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We force ourselves to act like we like you.

This is the nasty truth. We know who we like and don’t. It can stem from many reasons that can have its roots in childhood to what we ate for breakfast this morning. Don’t take it personally. We appreciate honesty, and sometimes it hurts. To survive, we have to supersede these feelings and be nice. Nice can be harder than being real.

We know how to get stuff done.

We pack our alone time with activities–projects, phone calls, emails, rough drafts and blueprints for world takeover of our next big idea (which we have lots of). We value solitude because it lets us experiment with new concepts, plan and stretch our imagination. Anything is possible when we spend time alone, and what we create may change our lives, and yours, too.

We like to write things out.

We love email because it helps us get what we need without interruptions. Interruptions throw us off course, and we need to expend more energy to get back on track. So, please don’t call unless it is a close-ended question.

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We feel safe with the right people.

When we have the right people in our lives, we give our all. We give our best selves. We become protective warriors who will fight almost any cause for someone we love. Just ask our friends. We blossom in the right company, and shine. It takes us time to find the right people, and when we do, we don’t hold back.

We do have friends, who really like us.

Introverts like people, and people like us. Most introverts have no issue with hanging out in groups, and spending time with others. If we have friends, it’s because we consciously chose them. We’ve put effort into the relationship, and our friends know that. We go to bars, parties, and meet new people. The difference is that not everyone we meet becomes a friend.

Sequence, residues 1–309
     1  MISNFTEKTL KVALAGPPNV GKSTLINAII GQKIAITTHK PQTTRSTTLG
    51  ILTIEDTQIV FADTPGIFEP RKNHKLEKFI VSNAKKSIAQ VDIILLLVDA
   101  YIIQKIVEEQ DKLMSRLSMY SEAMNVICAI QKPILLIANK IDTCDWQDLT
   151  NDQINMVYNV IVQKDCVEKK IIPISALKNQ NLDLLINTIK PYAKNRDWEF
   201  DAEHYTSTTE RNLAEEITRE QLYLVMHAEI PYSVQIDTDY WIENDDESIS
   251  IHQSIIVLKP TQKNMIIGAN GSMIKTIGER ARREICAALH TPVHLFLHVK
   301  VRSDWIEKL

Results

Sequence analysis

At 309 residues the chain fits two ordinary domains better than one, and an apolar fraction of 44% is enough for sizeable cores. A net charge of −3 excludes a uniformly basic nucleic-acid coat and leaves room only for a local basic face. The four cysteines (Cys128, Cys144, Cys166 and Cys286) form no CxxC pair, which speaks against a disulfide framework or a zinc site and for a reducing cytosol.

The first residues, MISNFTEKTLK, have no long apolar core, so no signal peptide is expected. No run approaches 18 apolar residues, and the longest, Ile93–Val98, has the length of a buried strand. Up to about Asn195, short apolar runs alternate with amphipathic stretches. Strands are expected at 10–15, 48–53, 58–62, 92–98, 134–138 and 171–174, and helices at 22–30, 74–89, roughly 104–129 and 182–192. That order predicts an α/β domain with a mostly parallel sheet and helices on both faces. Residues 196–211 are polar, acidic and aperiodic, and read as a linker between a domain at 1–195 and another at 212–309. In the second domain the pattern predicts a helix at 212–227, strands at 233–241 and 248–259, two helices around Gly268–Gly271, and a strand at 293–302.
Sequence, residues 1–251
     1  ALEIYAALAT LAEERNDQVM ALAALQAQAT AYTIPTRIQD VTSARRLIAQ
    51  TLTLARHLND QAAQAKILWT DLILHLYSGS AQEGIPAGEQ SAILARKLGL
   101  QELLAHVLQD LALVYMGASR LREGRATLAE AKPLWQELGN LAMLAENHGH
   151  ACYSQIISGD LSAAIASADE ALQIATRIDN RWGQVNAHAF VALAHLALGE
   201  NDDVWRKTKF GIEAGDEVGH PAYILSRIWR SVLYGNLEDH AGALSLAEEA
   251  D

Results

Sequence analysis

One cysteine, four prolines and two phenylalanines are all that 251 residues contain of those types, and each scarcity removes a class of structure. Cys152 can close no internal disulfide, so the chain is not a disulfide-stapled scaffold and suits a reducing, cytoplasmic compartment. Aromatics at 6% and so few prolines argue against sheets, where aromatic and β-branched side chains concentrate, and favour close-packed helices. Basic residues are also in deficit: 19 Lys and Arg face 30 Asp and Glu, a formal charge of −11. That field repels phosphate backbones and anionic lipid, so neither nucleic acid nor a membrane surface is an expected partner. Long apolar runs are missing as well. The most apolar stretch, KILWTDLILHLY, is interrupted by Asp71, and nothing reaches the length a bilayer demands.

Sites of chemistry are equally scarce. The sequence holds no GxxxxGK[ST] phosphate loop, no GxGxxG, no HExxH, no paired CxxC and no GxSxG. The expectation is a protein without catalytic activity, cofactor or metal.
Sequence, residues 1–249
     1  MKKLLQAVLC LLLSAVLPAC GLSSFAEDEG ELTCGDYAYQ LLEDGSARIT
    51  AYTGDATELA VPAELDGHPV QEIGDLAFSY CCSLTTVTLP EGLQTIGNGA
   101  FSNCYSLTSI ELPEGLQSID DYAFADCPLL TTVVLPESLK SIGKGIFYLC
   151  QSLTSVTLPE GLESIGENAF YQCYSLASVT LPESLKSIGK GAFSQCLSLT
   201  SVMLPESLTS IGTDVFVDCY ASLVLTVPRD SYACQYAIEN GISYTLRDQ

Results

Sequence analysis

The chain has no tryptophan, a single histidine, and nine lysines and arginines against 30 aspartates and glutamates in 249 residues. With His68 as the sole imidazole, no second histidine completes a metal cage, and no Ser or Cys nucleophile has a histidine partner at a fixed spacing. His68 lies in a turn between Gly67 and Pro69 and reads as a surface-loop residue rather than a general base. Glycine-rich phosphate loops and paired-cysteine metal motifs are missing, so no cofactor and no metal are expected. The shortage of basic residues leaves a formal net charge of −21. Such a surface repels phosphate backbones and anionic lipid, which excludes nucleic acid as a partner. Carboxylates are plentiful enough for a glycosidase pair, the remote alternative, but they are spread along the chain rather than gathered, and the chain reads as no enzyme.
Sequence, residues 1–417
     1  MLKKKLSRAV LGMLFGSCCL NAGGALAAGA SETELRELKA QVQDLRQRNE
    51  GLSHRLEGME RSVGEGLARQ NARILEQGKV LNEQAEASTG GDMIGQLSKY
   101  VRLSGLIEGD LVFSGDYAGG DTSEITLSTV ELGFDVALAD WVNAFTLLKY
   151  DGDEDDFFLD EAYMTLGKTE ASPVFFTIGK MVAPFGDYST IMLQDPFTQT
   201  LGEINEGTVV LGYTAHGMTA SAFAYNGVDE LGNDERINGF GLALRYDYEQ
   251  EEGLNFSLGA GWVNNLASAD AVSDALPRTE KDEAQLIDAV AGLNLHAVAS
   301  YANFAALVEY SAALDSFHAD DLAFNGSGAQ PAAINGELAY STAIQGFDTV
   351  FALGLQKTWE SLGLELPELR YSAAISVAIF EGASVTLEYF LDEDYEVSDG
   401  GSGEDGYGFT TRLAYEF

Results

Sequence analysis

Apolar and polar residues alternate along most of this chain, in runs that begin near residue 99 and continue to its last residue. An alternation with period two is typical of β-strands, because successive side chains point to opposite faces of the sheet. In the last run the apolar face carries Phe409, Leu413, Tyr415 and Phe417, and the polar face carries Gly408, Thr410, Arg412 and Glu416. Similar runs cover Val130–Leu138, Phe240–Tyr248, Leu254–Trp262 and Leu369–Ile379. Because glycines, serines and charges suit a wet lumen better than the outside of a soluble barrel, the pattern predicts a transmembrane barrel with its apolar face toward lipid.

We can do the extrovert thing, for a while.

We have to do that to get along. We can be the life of the party, host the networking event, and be the chairperson of the charity. We do this willingly, knowing that at the end of the day we can go home. When we get there, it may take days, or weeks to replenish ourselves, and feel ready to do that again.

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We are not shy, rude or uptight.

At first, we may seem that way. Get to know us, and we can actually make you laugh, and hold a conversation that lasts more than 15 minutes. The thing is, we don’t share this with everyone. Being “social” or “sociable” is an option, not a way of being. We can’t fake happy or excited really well, and we show what we think on our face, not as much in our words.

We are okay alone.